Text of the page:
That said, I don't really think that is the point of that routine at all. Which is perfectly fine! Different strokes for different folks. It was an extremely impressive, exciting and entertaining performance. I feel like what he was trying to do, he did. Amazingly well.
Jan 8, 2010
A lot of magicians say that people can't focus for more than a minute or so, I disagree. If your audience loses interest that fast, then you're only interesting(and on that note, entertaining) for about 60 seconds...
I was saying that people lose interest in this kind of magic after a short time, not magic in general.
People will happily sit through an hour and a half show by Derren Brown, Paul Daniels etc...because they engage the audience and it suits modern society more.
I think that in this day and age, after 60 seconds of that they will say "yeah he made cards appear, it was cool" then forget about it. People still talk about specific tricks they saw David Blaine do 5 years ago.


Mar 10, 2011
Texas San Antonio
Some of his flurry, "Productions" where very sloppy, at somepoints he is going so fast that he might as well just be holding a stack of cards in mechanics grip and just deal cards one by one. However, his more technical parts of the routine like the multi colored cards was stupendous. I dislike with a passion that asian magicians tend to do the fast style. I remember Jeff Mcbride Mentioned that he was partially the influence on the speed. He'd travel to China before they had contact with the outside world internet and the suchf, to perform for the public and other magicians then began to imitate him.
Dec 18, 2007
Northampton, MA - USA
For those of you that think this is "out-dated" and "bores the public" let me ask you this; what type of acts are the bigger money earning acts and in highest demand in the real world? Which sort of act generates the stronger sense of social/society support the most -- viewed as being "proper" in polite circles?

Attacking folks on street corners IS NOT proper magic and in truth, it is one of the least socially respected art forms (be it magic or mime or whatever) because it has always been seen as BEGGING or worse, a criminal endeavor (or front for such). The Tailed Tux and competent manipulation type worker has always been more accepted within the upper elements of society -- the sponsors of local theater, opera, ballet & the arts as a whole. The Criss Angel approach will never have such status (he's barely holding on in Vegas). Blaine has adjusted his style so as to step up to the proverbial table and meet the social elite half-way if not more.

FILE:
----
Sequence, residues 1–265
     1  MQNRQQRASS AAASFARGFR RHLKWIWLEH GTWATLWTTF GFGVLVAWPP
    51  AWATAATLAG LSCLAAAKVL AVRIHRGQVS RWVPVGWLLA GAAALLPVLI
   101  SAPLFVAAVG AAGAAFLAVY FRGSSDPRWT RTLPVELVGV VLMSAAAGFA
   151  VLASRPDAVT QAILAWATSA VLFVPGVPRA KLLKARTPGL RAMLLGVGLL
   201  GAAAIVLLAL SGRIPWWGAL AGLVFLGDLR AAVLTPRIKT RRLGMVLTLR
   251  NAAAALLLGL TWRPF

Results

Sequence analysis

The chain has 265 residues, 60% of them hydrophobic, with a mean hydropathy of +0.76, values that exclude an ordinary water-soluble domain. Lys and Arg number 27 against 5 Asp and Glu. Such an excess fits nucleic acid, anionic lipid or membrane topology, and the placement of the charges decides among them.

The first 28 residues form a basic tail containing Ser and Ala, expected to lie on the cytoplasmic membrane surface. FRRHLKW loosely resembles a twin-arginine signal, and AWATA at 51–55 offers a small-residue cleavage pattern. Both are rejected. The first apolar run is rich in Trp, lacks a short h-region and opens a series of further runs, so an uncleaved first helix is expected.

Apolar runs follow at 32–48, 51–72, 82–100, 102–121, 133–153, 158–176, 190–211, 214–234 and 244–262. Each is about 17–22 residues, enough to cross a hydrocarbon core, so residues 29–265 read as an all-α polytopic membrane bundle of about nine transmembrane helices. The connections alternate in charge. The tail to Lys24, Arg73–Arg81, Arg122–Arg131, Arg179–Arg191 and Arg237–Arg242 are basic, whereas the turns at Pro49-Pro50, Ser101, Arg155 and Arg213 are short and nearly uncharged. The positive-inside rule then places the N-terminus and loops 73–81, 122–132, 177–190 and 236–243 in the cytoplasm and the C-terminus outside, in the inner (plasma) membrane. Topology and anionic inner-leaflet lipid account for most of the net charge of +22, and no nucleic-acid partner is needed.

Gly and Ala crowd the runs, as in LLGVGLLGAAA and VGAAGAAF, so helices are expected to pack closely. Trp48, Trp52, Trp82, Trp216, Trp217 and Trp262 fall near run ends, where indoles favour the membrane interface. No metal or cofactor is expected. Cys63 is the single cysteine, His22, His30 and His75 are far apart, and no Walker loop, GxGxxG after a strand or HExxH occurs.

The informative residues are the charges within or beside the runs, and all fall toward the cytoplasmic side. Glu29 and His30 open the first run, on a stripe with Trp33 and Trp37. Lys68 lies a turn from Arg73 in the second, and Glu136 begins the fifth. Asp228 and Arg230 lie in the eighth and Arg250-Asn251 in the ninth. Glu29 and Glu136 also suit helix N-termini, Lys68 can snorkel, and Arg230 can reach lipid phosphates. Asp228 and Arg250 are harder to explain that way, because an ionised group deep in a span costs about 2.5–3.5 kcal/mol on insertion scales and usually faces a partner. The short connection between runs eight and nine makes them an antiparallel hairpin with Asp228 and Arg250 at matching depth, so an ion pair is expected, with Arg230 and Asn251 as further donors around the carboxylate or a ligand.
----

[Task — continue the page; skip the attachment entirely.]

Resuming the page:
The acts that "play by the rules" as it were, and who are seen as being safe/wholesome, get the most work and are offered the bigger $$$s

NO, you don't have to be as formal as this obvious new comer is in the film, there are many bird workers that have taken on a more modern look & style. . . they've jazzed up the "old stuff" and yet, they are still doing what works -- what establishes them as MAGICIANS -- someone that has genuine skill and flexibility when it comes to their work. . . I should add, most of these acts can do genuine improvisation -- cold, no props or gimmicks at the ready, just them and their manipulation skills and related knowledge.

Pardon my defensive tone, but someone needs to offer the counterpoint here instead of the typically pats on the back when it comes to like-minded scenarios. My only agenda is to encourage you to THINK and hopefully, go further as the result of that contemplation of options & tradition.
Jan 8, 2010
Thousands of closeup magicians work events every single day (in the UK), there aren't many theatre's that have classic stage acts on even once a year and even less that make a profit.

I haven't seen this kind of magic on tv since Worlds Greatest Magic was airing yet I'm seeing Blaine, Dynamo and that other guy in the Supernaturalist getting tv spots all over the place.

I disagree with everything you said Craig, except that manipulation and other similar acts are more often than not used to entertain higher class society. I was across the country performing today, several groups talked about Dynamo, David Blaine, Derren Brown...not one of them even knew the name of a stage magician and I'm yet to meet a member of the general public who knows Lance Burton.
Outdated magic. True classical magic but outdated. I enjoy it but the general public can't relate and rarely appreciate it these days.

The control he has when producing multiple coloured cards is insane, I really loved that part. People these days get bored of that after 60 seconds though.

I really, strongly disagree. Look at the reactions of the audience. I think this kind of act is just as relevant, and entertaining today as it was 20 years ago.

Well done.
Jan 1, 2009
Back in Time
I thought it was a really neat performance. The thing about it being out dated and all is kind of silly, because Lance Burton probably still does that in his shows, I know Jeff McBride (before he retired) was known for doing that kind of stuff in his shows as well, and I'm pretty sure a ton of other different Stage Magicians in Vegas constantly did it as well for decades. So for something that is "outdated" it sure helped those guys maintain a extremely high paying contract at different casinos.